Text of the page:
For a national fleet, with vehicles in several different roles carried out in many different venues, amortizing at one rate is counterproductive. Urban vehicles generally run lower mileage than do rural vehicles. Jobsite trucks accumulate harder, tougher miles than do delivery trucks, etc. Smart fleet managers should use amortization rates appropriate to the usage: lower-mileage vehicles amortized over a longer period, and higher or harder mileage vehicles, a shorter period. This will more accurately reflect the actual depreciation, and smooth out cash flow. Remember, there is not real "gain" or "loss" from the sale of a vehicle lease under a TRAC lease. It is merely an adjustment required as a result of amortization that doesn't properly match the actual depreciation. It's not unlike a tax return; you aren't really getting money from the government when you get a refund. You're getting your own money back that was taken from you during the year. The ideal withholding, like the ideal amortization rate, will result in an adjustment as close to zero as possible.[PAGEBREAK]
More often than ever before, fleet managers' backgrounds include financial experience such as finance or treasury, corporate functions such as purchasing or general administrative, or operational functions such as corporate services. Fewer have backgrounds in the automotive business, particularly vehicle technology and mechanics. Thus, it is said, you need the expertise provided via a maintenance management program, where you have certified vehicle technicians at your service to discuss, negotiate, and manage maintenance and repairs. Makes sense, doesn't it?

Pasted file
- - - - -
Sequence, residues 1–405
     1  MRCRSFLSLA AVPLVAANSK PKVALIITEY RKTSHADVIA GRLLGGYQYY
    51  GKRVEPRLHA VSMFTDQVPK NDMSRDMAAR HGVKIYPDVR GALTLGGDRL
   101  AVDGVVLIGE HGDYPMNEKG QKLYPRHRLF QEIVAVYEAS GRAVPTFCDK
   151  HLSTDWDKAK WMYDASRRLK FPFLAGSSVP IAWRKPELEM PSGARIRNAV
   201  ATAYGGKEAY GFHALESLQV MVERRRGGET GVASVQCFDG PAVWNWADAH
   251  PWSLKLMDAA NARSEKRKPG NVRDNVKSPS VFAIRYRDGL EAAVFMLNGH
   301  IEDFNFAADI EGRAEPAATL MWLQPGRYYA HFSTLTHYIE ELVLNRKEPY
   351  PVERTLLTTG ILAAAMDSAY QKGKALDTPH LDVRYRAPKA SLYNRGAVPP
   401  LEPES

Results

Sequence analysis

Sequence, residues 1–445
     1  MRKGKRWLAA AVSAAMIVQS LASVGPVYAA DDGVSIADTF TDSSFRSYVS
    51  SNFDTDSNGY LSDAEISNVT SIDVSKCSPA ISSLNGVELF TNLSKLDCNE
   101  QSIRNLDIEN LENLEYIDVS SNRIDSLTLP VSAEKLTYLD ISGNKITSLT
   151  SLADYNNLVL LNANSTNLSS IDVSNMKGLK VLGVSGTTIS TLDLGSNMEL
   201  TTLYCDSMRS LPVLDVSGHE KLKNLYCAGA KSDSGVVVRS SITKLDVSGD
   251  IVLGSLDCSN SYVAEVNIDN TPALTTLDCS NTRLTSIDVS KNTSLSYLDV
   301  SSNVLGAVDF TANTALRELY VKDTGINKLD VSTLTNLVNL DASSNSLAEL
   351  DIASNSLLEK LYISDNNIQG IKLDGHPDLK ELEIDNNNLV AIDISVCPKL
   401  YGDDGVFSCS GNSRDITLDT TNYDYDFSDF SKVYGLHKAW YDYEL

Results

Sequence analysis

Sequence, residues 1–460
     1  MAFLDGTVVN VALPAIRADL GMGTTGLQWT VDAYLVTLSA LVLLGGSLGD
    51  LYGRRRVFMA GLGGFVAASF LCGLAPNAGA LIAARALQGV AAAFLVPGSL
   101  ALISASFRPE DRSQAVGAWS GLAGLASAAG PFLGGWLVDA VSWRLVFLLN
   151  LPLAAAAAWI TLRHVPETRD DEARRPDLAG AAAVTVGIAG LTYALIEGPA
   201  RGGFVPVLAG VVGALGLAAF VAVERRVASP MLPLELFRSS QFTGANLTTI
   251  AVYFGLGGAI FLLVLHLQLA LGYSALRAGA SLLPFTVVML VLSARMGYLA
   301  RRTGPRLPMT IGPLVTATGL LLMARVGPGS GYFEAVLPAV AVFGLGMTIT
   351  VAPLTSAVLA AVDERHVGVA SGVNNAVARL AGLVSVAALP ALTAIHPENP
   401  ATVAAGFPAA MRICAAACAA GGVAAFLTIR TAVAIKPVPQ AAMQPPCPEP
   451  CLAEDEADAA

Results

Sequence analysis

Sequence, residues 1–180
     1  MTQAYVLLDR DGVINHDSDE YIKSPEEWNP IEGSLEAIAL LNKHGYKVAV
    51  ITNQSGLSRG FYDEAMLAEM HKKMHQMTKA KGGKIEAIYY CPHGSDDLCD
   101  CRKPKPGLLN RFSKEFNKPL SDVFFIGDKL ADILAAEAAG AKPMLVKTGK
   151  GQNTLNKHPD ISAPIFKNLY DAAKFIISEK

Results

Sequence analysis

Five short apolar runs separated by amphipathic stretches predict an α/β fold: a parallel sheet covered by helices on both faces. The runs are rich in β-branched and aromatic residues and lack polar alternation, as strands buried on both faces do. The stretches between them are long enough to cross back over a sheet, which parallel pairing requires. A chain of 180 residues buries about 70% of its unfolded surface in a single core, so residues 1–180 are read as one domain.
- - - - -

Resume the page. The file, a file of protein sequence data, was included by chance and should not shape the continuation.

To some extent, it does. But once again, the maintenance management programs available today, in essence, are little different than those of 30 years ago. And their purpose, back then, was a function of the vehicles of their time. The company pays a supplier a per-vehicle, per-month charge, and the supplier provides a number of resources and services:
■ A national network of maintenance and repair facilities.
■ The means by which drivers can purchase preventive maintenance, emergency road service, and repairs when needed.
■ The previously mentioned certified vehicle technicians who provide expertise and assistance in discussing repairs with the shop.